Dennis Cardoza is not one of Washington's hotheads. He doesn't call people names, indulge in exchanges of vitriol or get overly exercised in a crisis. That might explain why he's risen through the ranks to sit on the Rules committee and is a leader among the centrist Blue Dog Democrats.
Still, Cardoza got worked up this week. Who wouldn't, with the nation's finances in crisis, a politically paralyzed president, and the unmasked greed of some of our wealthiest citizens having undermined our economy. People here and in the halls of power are furious. There were shouting matches at a White House economic summit, verbal jousting in Congress and angry walkouts.
In such an atmosphere it's not surprising that Cardoza would give free rein to his temper.
"I am damn mad that we are in this situation," he told the Speaker of the House, Nancy Pelosi, during a hearing. "I am furious."
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Amen to that. Still, it was interesting that the target of Cardoza's ire was another Democrat. Cardoza and Senate Majority Leader Harry Reid are pushing bills to extend tax credits for renewable energy projects. The loss of those credits is threatening billions of dollars in investments nationwide.
Cardoza wants to pay for the tax credits with budget cuts -- the "pay-as-you-go" approach he has championed for six years. The Senate bill would spend far less, but offers no source for the funds. In effect, it would be added to the deficit.
Word got back to Cardoza that Reid was "furious" about the House bill and Cardoza's support for it. That irritated Cardoza, who found eloquence in his anger.
"Today ... we find ourselves in one hell of a fix because we have not paid for things. We have run up the national debt to beat the band. When Mr. Clinton left office, there was a projection of $5.4 trillion -- trillion -- surplus. Today we are being asked for a $700 billion bailout on top of trillions of dollars that have gone through this Capitol Building ... that have raised the debt, tax cuts that weren't paid for that ballooned the debt, and now we are faced with this horrific problem. ...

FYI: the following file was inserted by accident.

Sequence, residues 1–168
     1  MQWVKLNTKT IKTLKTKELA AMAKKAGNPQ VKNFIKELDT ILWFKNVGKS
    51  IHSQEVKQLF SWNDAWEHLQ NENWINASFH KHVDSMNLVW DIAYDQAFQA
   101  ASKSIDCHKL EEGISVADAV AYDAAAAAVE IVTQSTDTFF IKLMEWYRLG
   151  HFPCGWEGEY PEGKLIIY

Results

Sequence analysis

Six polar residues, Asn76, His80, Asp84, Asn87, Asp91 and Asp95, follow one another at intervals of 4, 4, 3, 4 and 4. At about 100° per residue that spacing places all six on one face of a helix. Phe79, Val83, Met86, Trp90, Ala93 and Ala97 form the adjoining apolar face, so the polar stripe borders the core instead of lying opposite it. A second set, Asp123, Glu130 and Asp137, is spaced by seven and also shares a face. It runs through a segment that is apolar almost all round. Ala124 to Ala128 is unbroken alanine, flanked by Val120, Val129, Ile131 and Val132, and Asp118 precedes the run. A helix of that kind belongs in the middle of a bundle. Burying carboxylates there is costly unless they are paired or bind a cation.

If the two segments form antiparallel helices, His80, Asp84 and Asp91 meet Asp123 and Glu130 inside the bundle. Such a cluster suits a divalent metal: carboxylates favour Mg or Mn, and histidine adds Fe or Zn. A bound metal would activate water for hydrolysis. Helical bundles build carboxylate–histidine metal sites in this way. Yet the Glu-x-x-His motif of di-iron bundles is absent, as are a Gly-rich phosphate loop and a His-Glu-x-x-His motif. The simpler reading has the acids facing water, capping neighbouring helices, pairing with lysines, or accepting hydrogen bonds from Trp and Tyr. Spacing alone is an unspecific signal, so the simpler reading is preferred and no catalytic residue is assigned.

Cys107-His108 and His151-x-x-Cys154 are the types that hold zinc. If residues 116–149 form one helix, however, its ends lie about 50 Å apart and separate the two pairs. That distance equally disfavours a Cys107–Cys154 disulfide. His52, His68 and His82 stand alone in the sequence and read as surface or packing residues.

"When are we going to start paying for what this country purchases? To say that we shouldn't pay for this (bill) ... that Mr. Reid is furious -- I don't give a damn if Mr. Reid is furious. ... It is high time that we do the right thing."
The next question is what, exactly, is our country purchasing? Treasury Secretary Henry Paulson wants us (i.e., taxpayers) to buy all the nation's bad mortgages. We would be part owners of half-million-dollar homes worth $200,000. Sounds like a bad deal, but the alternative sounds even worse -- collapsing pension funds, failing banks, frozen credit and a flat economy.
Could it really be that bad? Cardoza is convinced it could be.
"On one call we had every Treasury secretary still alive, and they all are (speaking) as one on this," he said. "If we can't do this now, there really will be a global monetary crash."
There are several ideas for resolving this crisis. Most Democrats are insisting on a return to sanity through government oversight and greater transparency in financial transactions (such as outlawing any "financial instrument" that can't be explained to a fifth-grader). Others still believe that fewer regulations and more cuts in the capital gains tax will lead to prosperity.
We already tried that. When those quaint, Depression-era bank regulations were lifted in the late 1990s, investment bankers and financiers went to work creating vast wealth -- for themselves. Released from regulatory review, they invented property-financing schemes that they sold to willing victims. With Washington's help, Wall Street became a giant casino -- and now the bankers have crapped out.
As Cardoza put it, "The culture of greed is what got us into this mess."
What will get us out? Many Democrats support the bailout -- not for the bankers' sake, but in the interest of every person with a 401(k) or a pension or a student loan.
Maybe that's the best we can do. If so, there must be some righteous anger left for those who have profited at our expense. Let's hope it is expressed in rules and regulations that will keep this from happening again.
Dunbar is the associate editor of The Bee. Contact him at firstname.lastname@example.org or 578-2325.